Going a Step Further

Palm Beach County took this focus on environmental stewardship one step further with the building of a 27hole course called Osprey Point. Applying all of the stewardship principles from the ACSP and meshing those with the design, construction and long term management guidelines of the Classic Program, the property was registered in the Classic Program on 2/7/2008. Osprey Point Golf Course is located within the South County Regional Park at the edge of the Everglades and adjacent to Loxahatchee Wildlife Refuge. Prior to beginning development of the South County Regional Park, the land was used for both agricultural farming and shell rock mining and had been completely disturbed. The area where the course is located had been entirely overgrown with Brazilian Pepper and other non native invasive plants. Osprey Point Golf Course opened on November 6, 2010 featuring seashore paspalum on greens, tees, and fairways, paspalum being a grass that can tolerate brackish water, an appropriate choice when water is not so plentiful. It is hard to believe, but now there are 27 holes with lush, dense native vegetation providing habitat for everything from bob cat kittens to Bald Eagles. It is a place where families come daily to enjoy the setting and a see a newly completed Butterfly Garden at Osprey Point to watch butterflies in the garden. Osprey Point was certified on


3/29/2011 as the first Audubon International Classic Sanctuary in the state of Florida and only the second in the United States. Thanks to Palm Beach County! Palm Beach County government made a concerted effort to bring public golf to those residents that were unserved. These courses not only provide a fun place for families to recreate together, but they are the result of foresight and leadership in their planning for the future. Although there are several reasons to take your family outside in this year, we hope you will find a certified Audubon International golf course for that outing where every day you’ll see the mix of the birds and the birdies. Learn more about Palm Beach County and Palm Beach County Parks and Recreation at

Meet the Winners!





Best Photo

SOUTHWINDS in BOCA RATON, FL Left to right: Billy Couch, Assistant Manager; Frank Mitchell, Golf Professional; Peter Arvanitis, Golf Course Superintendent; Sharon Painter, Manager STONEBRIDGE in NAPLES, FL Left to right: Mark Metzger, Superintendent and Tim Jones, General Manager

Best Photo Most Species Recorded

MOHEGAN SUN in BALTIC, CT Left to right: Philip Krick, VP and Director of Golf Operations; Chris Elsmore, Superintendent; Delphine Tseng, Audubon International; Michel Painchaud, Head Golf Professional

VENICE GOLF AND COUNTRY CLUB in VENICE, FL Kate Borduas, Coordinator of BioBlitz (club member) and Jim Schelll, General Manager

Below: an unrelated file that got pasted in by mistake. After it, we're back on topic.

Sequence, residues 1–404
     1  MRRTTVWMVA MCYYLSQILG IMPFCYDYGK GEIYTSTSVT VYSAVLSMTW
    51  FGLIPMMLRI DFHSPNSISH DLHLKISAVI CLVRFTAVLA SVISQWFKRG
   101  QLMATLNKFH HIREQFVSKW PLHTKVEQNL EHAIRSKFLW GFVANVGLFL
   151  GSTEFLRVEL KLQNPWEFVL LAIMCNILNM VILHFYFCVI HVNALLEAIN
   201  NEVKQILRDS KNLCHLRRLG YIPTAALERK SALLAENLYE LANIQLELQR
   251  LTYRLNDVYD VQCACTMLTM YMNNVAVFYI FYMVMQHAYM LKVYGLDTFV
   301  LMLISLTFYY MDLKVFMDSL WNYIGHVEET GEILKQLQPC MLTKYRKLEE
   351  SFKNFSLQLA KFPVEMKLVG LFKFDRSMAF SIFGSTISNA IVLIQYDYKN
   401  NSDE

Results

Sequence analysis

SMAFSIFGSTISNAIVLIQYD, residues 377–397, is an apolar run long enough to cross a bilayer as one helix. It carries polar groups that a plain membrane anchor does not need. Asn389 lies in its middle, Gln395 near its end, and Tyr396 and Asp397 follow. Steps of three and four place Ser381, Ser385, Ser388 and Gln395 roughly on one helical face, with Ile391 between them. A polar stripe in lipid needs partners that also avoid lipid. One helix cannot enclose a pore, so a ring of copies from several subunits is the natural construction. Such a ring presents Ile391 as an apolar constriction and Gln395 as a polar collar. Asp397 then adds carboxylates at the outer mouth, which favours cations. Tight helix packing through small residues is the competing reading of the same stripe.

Sea Turtle Conservation in Coastal Communities By Victoria Wood & Joanna Nadeau


Sea turtles are one of earth’s most ancient

organisms, with fossils dating back to 150 million years ago, long before humans inhabited the planet. With two centuries of rapid population growth and development, human activities have tipped the scales against the survival of these ancient mariners.

Of the seven species of sea turtles, five can be found in the southeastern region of the United States, where Audubon International (AI) has its highest concentration of members: the hawksbill, Kemp’s ridley, leatherback, green, and loggerhead turtles roam the eastern coastlines of the United States. Olive ridley turtles can be found near AI member sites in Mexico, Central America, and India, and flatback turtles occur near several of our Australian members. So, Audubon International members have a special opportunity to help conserve these threatened species where they live. Sea turtles are in desperate need of protection. Sea turtles deal with many human-related threats which have greatly reduced their population numbers. Threats affecting sea turtles include: • Pollution Ingestion & Entanglement. Sea turtles mistakenly eat garbage pollution floating at the surface of the ocean where they feed, because small pieces of plastic mirror the shape and size of food. When sea turtles eat plastic pellets, their intestines get clogged, leading to starvation and eventual death. Sea turtles also get stuck in floating plastic and often cannot break free. • Poor Fishing Practices. The accidental capture of marine life, also known as bycatch, is possibly the largest contributor to sea turtle injury and death worldwide. Many fishery techniques contribute to sea turtle capture, and approximately 40% of all organisms caught by marine fisheries are discarded as trash. The lucky few that survive capture are released back to the wild injured, facing an uncertain future.